The Dignity in Dying blog has opted for assisted suicide after apparently suffering unbearably from a terminal condition.

Speculation is mounting as to why the blog chose this course. Some have suggested it may have come under pressure from authors who found it a burden to care for and were concerned about the resources its continued existence was consuming.

Others have said that it probably just felt lonely having so few readers and only nine ‘friends’, of whom only two (Ellen Coaty and Sarah Masson) had real names. In support of this they point out that one of the other seven, went under the nom de plume of ‘Comfort Blanket’ and may have been drafted in to provide palliative care.

The Dignity in Dying blog was launched on 2 November 2009, by the former Voluntary Euthanasia Society and amassed 185 posts before taking the decision to end its own life on 3 August at the tender age of 21 months.

It debuted at 18,374th place in the UK Wikio blog rankings in November 2010 and never broke into the 15,000 most popular blogs by the time of its premature death, apart from a brief appearance at 6,053rd place in June this year. This turned out, however, to be a false dawn as it subsequently plummeted to 15,917th last month and finished its life ranked at 15,393 with a wikio score of 0.0.

Most people will be surprised to learn that there are actually this many blogs in Britain.

Its first post on 2 November 2009 optimistically stated, ‘I also hope that this blog charts the progress of an exciting and progressive campaign. What will this blog achieve? Who knows for sure?’

Well now we do know – not very much at all!

It is somewhat bizarre that an organisation which claims to have 25,000 supporters was unable to attract more of them to read the scribblings of its supposedly strongest communicators. At very least it raises big questions about the coherence of the message it was attempting to convey.

James Harris, the blog’s principle author, who describes himself as ‘responsible for DID’s campaigns and communications strategy’ will certainly have some questions to answer.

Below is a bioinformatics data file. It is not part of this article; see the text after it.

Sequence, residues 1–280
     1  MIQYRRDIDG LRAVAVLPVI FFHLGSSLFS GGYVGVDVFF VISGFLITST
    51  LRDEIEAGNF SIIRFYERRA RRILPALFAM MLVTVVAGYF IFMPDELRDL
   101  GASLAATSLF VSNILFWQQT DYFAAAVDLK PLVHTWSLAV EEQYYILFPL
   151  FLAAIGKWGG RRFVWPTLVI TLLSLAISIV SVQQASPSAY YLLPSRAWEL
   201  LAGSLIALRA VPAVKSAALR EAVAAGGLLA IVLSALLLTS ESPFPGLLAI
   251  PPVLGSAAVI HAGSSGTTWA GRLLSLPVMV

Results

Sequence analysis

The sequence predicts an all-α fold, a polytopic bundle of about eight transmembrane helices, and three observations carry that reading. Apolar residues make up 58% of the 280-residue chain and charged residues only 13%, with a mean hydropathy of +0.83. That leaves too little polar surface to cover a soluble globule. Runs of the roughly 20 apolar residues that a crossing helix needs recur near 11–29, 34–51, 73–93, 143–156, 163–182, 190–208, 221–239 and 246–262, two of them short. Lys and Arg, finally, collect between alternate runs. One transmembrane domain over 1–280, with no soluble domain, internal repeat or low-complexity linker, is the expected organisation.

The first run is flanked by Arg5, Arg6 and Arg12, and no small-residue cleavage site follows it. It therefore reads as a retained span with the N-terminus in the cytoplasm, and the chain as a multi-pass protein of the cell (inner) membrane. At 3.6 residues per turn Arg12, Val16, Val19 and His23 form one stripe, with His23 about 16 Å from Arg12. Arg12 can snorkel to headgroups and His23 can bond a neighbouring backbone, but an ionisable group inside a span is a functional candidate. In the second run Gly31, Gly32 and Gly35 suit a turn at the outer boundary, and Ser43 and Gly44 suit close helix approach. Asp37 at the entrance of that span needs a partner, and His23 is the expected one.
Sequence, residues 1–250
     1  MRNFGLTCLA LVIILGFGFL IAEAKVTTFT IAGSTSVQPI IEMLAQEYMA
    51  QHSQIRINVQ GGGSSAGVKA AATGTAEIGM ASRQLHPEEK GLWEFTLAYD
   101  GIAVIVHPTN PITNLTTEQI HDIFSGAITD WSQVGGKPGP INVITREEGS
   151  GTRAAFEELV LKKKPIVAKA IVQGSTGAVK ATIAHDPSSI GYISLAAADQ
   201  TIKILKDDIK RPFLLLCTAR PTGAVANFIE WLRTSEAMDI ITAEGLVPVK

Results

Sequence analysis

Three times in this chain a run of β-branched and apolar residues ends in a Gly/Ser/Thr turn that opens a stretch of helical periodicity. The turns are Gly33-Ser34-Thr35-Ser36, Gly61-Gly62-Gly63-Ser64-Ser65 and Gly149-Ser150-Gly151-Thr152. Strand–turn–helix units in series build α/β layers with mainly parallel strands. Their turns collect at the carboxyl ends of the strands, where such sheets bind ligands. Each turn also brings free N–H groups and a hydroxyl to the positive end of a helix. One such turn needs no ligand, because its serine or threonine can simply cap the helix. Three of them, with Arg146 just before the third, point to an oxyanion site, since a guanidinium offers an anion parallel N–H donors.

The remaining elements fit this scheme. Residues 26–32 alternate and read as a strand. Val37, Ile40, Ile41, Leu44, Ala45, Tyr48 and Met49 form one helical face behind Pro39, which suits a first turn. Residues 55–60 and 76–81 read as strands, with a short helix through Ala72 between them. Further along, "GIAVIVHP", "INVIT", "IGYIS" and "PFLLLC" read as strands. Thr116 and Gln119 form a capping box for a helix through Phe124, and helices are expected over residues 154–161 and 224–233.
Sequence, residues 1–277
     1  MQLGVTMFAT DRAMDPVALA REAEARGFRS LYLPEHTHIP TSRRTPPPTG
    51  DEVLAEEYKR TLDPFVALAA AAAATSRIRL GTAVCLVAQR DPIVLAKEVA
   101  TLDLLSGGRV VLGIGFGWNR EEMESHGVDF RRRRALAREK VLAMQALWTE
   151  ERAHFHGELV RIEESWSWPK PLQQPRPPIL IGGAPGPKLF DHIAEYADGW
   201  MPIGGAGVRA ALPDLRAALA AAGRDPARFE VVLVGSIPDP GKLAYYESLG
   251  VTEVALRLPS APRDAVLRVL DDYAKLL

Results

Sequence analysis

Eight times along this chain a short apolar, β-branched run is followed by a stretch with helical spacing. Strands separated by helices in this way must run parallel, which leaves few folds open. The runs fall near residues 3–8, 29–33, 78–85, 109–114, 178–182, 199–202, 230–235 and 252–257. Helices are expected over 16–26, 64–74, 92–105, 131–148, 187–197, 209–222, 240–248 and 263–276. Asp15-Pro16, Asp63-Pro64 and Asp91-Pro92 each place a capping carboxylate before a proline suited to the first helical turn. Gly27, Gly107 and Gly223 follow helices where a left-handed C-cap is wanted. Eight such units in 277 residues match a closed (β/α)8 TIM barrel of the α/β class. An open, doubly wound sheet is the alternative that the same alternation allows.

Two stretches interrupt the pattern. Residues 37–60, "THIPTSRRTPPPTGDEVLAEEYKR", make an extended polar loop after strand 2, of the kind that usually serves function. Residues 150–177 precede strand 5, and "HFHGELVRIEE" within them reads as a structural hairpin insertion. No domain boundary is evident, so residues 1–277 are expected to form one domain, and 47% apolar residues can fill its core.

I’m almost expecting a spokesman for Dignity in Dying, distressed after witnessing the death of the blog, suggesting that DID might start a new campaign to push for an ‘assisted death’ for other blogs which are ‘suffering unbearably from a terminal condition’ and suggesting that ‘robust up-front safeguards’ could be introduced to prevent abuse.

If so, the debate would no doubt rage over whether the DID blog was really terminally ill or just profoundly disabled. And critics might say that the number of blogs which wish to end their lives was actually vanishingly small and that with proper support from some good writers most actually pull through.

Others might add that changing the law could place pressure on other blogs with weary authors to end their lives prematurely – and that ‘hard cases’ like the DID blog make bad laws.

And then DID might claim that a similar law allowing assisted suicide for blogs in a small corner of a very large country several thousand miles away had not led to an increased number of blog deaths, and so on and so forth.

Perhaps it was actually the right decision to let DID end it all now to protect us all.

I gather that DID’s staff have now launched a new blog which they hope will enjoy greater success. I wish them good luck.

The last one will certainly not be a hard act to follow. 

 

I am CEO of Christian Medical Fellowship, a UK-based organisation with 4,500 UK doctors and 1,000 medical students as members.